Film & TV » Oscars 2016 Predictions: Who Will Win This Year?
Alicia Vikander in "Best Performances," photographed by Peter Lindbergh, styled by Edward Enninful; W magazine, February 2016.

Oscars 2016 Predictions: Who Will Win This Year?

Editor at large and Oscars clairvoyant Lynn Hirschberg forecasts Sunday’s 88th Academy Awards.

Editor at large and Oscars clairvoyant Lynn Hirschberg returns to the task of predicting Sunday’s 88th Academy Awards – the night bets are on for Leonardo DiCaprio to finally nab Best Actor for roughing it in Alejandro Iñárritu’s The Revenant. Read on for Hirschberg’s picks and critiques of the night to come, and tune in to the podcast for her chat with digital features director Erik Maza.

Best Actor and Actress:
Partly thanks to his behind-the-scenes campaigning, “Leo’s going to win, and I think that’s fine. He’s a great actor, very popular, and he’ll bring his mom to the Oscars.” As for Best Actress, “Brie Larson is going to win that category [for Room]. She has all the momentum, and she feels genuinely thankful to be there, which is a big thing during awards season.”

Best Director:
Even though it’d be his second year in a row, Hirschberg’s bets are on Alejandro Iñárritu. “I think it’s a testament to his achievement and a testament to a degree of difficulty. They’ve very wisely made it clear that The Revenant was an incredibly difficult movie to make.” Also: “I think he makes movies that appeal to men, and I think that’s appealing to people. They’re very masculine films.”

Best Picture:
“I would say the movie with the most momentum is The Revenant. It pains me to say this because of course I’m partial to The Big Short, and history tells us that the Producers Guild [which picked The Big Short] tends to prevail, but momentum is momentum and I think The Revenant has momentum.” Plus: “Leonardo DiCaprio keeps stressing over and over and over again the Native American aspect of the film, which does have resonance in this year where there’s no people of color.” That – along with Iñárritu being a Mexican director – gives the Academy some coverage, Hirschberg says.

On this year’s whitewashed list of nominees:
“I think people are genuinely annoyed by the fact that there’s no diversity, and rightly so. If there’s any reason to tune in to the Oscars, it’s to hear what [host] Chris Rock has to say. But I don’t sense a lot of boycotting – I’m thinking people will speak their mind, speeches will have more political undertones than in other years, which I do think has an impact.”

On the lethargy surrounding the Awards:
All that contributes to the lack of excitement about this year: “I think people are thirsting for something they feel is more diverse,” Hirschberg says, pointing to the reception of The Birth of a Nation, a Nat Turner biopic that found huge success at Sundance. At the same time: “I think the problem with the Oscars has to do with something more than the films – it just comes so late. By the time you get to the Oscars, you’ve seen about 25 awards ceremonies, and I do think people get tired of watching that many shows with the same people winning the same awards. The Grammys barely give out awards, it’s just performance, performance, performance, and the show traditionally does very well on the ratings. I just wish the Oscars could figure out some way to have some of their performers do something performance-oriented. It gets to be a long night.”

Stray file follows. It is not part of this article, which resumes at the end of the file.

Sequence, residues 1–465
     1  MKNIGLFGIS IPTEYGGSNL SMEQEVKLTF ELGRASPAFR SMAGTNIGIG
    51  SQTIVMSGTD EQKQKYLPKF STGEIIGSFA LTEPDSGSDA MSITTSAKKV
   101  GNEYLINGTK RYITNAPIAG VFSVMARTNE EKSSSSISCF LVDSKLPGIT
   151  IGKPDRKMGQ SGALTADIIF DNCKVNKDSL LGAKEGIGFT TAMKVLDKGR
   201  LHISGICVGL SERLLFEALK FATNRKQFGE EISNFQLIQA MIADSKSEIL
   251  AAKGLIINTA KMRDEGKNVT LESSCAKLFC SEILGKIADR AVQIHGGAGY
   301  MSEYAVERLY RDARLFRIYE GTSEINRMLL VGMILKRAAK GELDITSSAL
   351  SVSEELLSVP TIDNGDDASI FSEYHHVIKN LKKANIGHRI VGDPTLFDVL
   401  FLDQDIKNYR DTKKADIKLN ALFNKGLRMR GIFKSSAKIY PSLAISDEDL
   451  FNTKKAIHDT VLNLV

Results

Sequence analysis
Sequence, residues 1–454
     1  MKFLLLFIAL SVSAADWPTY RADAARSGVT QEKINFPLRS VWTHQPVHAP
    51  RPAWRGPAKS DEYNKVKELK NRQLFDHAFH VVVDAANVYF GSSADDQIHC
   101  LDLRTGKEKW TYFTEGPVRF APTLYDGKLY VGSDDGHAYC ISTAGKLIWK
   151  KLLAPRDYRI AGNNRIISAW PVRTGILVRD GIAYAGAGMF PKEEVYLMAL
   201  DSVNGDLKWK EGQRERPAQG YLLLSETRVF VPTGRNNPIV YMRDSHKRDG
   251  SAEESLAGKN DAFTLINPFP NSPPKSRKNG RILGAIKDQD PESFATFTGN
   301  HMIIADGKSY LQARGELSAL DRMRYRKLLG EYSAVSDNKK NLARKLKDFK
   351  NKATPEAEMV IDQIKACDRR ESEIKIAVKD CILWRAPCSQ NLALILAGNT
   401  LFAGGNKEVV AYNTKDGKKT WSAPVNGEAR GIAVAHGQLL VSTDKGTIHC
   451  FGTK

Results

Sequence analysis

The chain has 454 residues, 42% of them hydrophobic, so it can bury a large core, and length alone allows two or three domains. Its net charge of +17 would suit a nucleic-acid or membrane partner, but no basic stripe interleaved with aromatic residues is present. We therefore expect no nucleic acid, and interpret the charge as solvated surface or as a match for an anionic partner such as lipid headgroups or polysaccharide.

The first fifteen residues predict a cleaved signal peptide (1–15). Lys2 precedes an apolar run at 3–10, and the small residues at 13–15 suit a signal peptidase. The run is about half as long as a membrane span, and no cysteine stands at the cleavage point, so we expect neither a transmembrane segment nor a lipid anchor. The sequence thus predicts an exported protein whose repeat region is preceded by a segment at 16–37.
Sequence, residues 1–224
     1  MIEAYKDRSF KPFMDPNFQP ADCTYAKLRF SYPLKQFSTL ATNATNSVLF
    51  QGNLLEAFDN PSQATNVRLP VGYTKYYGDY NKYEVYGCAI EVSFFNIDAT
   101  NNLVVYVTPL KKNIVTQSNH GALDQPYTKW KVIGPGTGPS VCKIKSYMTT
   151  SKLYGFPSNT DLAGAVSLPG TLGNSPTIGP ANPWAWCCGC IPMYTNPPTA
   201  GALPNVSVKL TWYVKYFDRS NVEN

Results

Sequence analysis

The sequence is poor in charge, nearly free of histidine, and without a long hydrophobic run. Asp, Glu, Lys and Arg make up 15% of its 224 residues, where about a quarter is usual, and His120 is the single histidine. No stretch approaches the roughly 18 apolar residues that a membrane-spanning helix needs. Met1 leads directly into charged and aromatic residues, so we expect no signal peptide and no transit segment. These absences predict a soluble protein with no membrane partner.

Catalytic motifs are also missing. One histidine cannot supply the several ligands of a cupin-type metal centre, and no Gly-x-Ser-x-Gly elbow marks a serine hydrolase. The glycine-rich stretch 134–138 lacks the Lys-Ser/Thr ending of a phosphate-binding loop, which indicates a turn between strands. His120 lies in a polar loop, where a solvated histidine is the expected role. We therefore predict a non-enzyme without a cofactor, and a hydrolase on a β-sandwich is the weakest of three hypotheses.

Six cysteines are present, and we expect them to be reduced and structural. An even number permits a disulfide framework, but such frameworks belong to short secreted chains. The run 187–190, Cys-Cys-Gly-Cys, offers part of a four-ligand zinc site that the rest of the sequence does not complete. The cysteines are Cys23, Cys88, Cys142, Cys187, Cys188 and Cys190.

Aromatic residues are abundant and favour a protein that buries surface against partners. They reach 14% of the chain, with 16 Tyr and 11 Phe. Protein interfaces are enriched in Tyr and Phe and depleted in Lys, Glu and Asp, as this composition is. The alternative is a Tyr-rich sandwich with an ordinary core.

Best Supporting Actress and Actor:
“I think and I hope it will be Alicia Vikander. She’s the real deal. She’s not nominated for Ex Machina, but I feel like she’s nominated for Ex Machina, not The Danish Girl. But it’s very possible that Kate Winslet wins – it’s a very tight category and with the exception of Rachel McAdams, who I think is a great actress but wasn’t that great in Spotlight, I thought Alicia, Rooney [Mara], and Jennifer Jason Leigh were amazing.” Still: “I don’t think Rooney has any momentum at all, for whatever reasons she has not prevailed during awards season. And Alicia has really, really stepped it up during awards season. The Academy loves a newcomer, especially in that category, whether it’s Lupita Nyong’o or even Penelope Cruz.” As for the Actor, Hirschberg’s says Sylvester Stallone, who she once went to a Lakers game with, is the frontrunner for his role in Creed. “I don’t think Tom Hardy stands a chance in hell of winning, but he had an amazing year, and Leo keeps talking about him with great enthusiasm in every speech.”

Best Adapted and Original Screenplays:
“Quentin Tarantino has a theory, which has been borne out many times, that whatever the cool movie that should win Best Picture wins Screenplay. The Big Short and Spotlight are nominated in two different categories, so I think there’s a good chance for both of those to win, because I don’t think they’ll win Best Picture. I would love to be wrong about this because you know I want The Big Short to win. And I think Spotlight will win Best Original, because I think they have to give something to Spotlight and I’m not sure what else Spotlight will win.”

The missing player:
Producer Harvey Weinstein‘s mark is usually all over the list of nominees, and “this has been a very bad patch for him – he usually has a dog in the race,” Hirschberg says. This time, though, he’ll only be “slinging the mud” for Rooney Mara, who’s up for Best Supporting Actress in Carol.

The underdog:
Mad Max is going to win a lot of technical categories, but if any of the movies had a chance to win Best Picture that’s not Spotlight, The Revenant, or The Big Short, I think it’s Mad Max.”

Watch the Awards on Sunday night, and subscribe to W’s podcast to hear our recap of the Oscars on Tuesday.

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